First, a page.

aprobado para ser llevado a cabo

Doc&piano

Member
Spanish-Mexico
I am writing a professional letter (brief).

I am not sure about the right form: approved to be carried out vs approved for being carried out. (is there any difference in meaning, if any?).

Is there any clue when to use "to be" vs "for being"? Alguna pista? Alguna clave?

En español no hay mucho problema, uno dice: aprobado para ser llevado a cabo. Tanto el "to" o el "for" pueden ser traducidos como "para".

La frase completa está en el siguiente párrafo. (The complete paragraph is as follow) MUCHAS GRACIAS POR LA AYUDA

On behalf of the Ethics Committee of our Institute of Vision, I am glad to communicate to you that the research protocol about macular edema has been approved for being carried out in our institution.




 
  • chacahua

    Senior Member
    Midwestern American English
    This is a tough one, but that could actually be not such a bad thing. It's tough because you can actually "force" either "for + gerund" or "infinitive" into your sentence, and neither one sounds real bad. However, I've run a bunch of example phrases through my head, and I think the basic pattern I detect is that when you wish to follow "approve" with a verb, the infinitive works better, and if you follow it with a noun, then "for" is the natural choice. However, since a gerund functions as a noun, and since with "approve + noun" you normally use "for," then "for + gerund" can substitute for an infinitive. But I believe it to be suboptimal. Also, I found it helpful to begin by changing from "was approved" to "to be given approval." Examples:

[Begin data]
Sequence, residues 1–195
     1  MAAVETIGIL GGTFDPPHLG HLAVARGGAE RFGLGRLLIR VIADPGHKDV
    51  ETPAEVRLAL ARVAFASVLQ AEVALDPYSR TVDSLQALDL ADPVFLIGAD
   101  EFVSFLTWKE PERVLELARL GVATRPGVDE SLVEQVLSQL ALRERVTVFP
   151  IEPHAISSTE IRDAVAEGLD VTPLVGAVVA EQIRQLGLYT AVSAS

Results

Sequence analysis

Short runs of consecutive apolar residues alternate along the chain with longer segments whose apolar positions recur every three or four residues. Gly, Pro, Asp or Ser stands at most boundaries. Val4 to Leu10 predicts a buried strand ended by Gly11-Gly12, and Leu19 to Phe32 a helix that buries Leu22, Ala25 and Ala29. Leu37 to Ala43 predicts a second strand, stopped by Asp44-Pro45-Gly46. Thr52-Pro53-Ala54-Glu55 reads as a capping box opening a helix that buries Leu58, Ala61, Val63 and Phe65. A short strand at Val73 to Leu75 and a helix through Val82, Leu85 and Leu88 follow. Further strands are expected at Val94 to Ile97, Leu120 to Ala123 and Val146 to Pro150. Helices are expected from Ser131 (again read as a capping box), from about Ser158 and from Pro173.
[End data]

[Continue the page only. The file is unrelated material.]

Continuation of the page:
She was given approval for a home loan.
    She was given approval to borrow $200,000 to buy a house.
    She was given approval for borrowing $200,000... (Doesn't sound horrible, just not as good as "to borrow")

    She was approved for a home a loan.
    She was approved to borrow $200,000 to buy a house.
    She was was approved for borrowing $200,000... (Doesn't sound horrible, just not as good as "to borrow")

    The loan was approved for disbursal on the 1st of the month.
    The loan was apporoved to be dispursed on the 1st of the month.
    The loan was approved for being disbursed the 1st of the month. (Sounds OK, just not as good as "to be dispursed")

    What I see here is that the gerund "being," since a gerund functions as a noun, makes the phrase something more similar to the first example in each of the three sets above. Do you remember that I said "approve + noun" uses "for"? Well, there's something about the gerund (noun) "being" that mimics this structure, so it doesn't sound so bad. The same logic applies with any "for + gerund" structure - like the "She was approved for borrowing..." example above, but for whatever reason "being + past participle" sounds even more "noun-ish" than other gerunds, so it doesn't sound so bad.

    BUT....The proper way I would say is that if you can use the infinitive instead of the "for + gerund" structure, use it. It's better English (say I!!!​)

    To recap:

    1. "approve + noun" --> for + noun
    2. "approve + verb" --> infinitive
    3. since a gerund functions as a noun, you can use "for + gerund," but "infinitive" works a little better.
     
    Last edited:

    chacahua

    Senior Member
    Midwestern American English
    Is there any clue when to use "to be" vs "for being"? Alguna pista? Alguna clave?
    This is such a broad question, I wouldn't know where to begin. I really think you'd have to take it one example at a time, like we did with "was apporved for/to..."
     

    Doc&piano

    Member
    Spanish-Mexico
    Thank you!! Very useful, mainly the explanation about: "gerund functions as a noun". It helped me to understand better.

    thank you for your broad explanation. It gave me many clues. Have a good day.
     
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